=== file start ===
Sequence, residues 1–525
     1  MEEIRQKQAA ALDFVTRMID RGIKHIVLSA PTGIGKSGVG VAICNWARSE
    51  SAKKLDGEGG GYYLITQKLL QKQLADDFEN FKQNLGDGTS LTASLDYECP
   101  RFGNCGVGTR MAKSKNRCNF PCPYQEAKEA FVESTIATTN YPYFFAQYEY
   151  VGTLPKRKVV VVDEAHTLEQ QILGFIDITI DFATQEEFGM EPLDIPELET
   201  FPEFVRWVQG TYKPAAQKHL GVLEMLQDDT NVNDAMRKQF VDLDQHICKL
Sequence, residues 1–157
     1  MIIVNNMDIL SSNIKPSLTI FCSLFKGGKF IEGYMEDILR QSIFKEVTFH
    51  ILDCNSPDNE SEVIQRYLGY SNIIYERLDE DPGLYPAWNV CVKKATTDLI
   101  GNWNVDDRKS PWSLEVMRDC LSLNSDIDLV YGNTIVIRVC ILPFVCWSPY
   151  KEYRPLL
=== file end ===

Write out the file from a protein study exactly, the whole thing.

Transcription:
Sequence, residues 1–525
     1  MEEIRQKQAA ALDFVTRMID RGIKHIVLSA PTGIGKSGVG VAICNWARSE
    51  SAKKLDGEGG GYYLITQKLL QKQLADDFEN FKQNLGDGTS LTASLDYECP
   101  RFGNCGVGTR MAKSKNRCNF PCPYQEAKEA FVESTIATTN YPYFFAQYEY
   151  VGTLPKRKVV VVDEAHTLEQ QILGFIDITI DFATQEEFGM EPLDIPELET
   201  FPEFVRWVQG TYKPAAQKHL GVLEMLQDDT NVNDAMRKQF VDLDQHICKL
Sequence, residues 1–157
     1  MIIVNNMDIL SSNIKPSLTI FCSLFKGGKF IEGYMEDILR QSIFKEVTFH
    51  ILDCNSPDNE SEVIQRYLGY SNIIYERLDE DPGLYPAWNV CVKKATTDLI
   101  GNWNVDDRKS PWSLEVMRDC LSLNSDIDLV YGNTIVIRVC ILPFVCWSPY
   151  KEYRPLL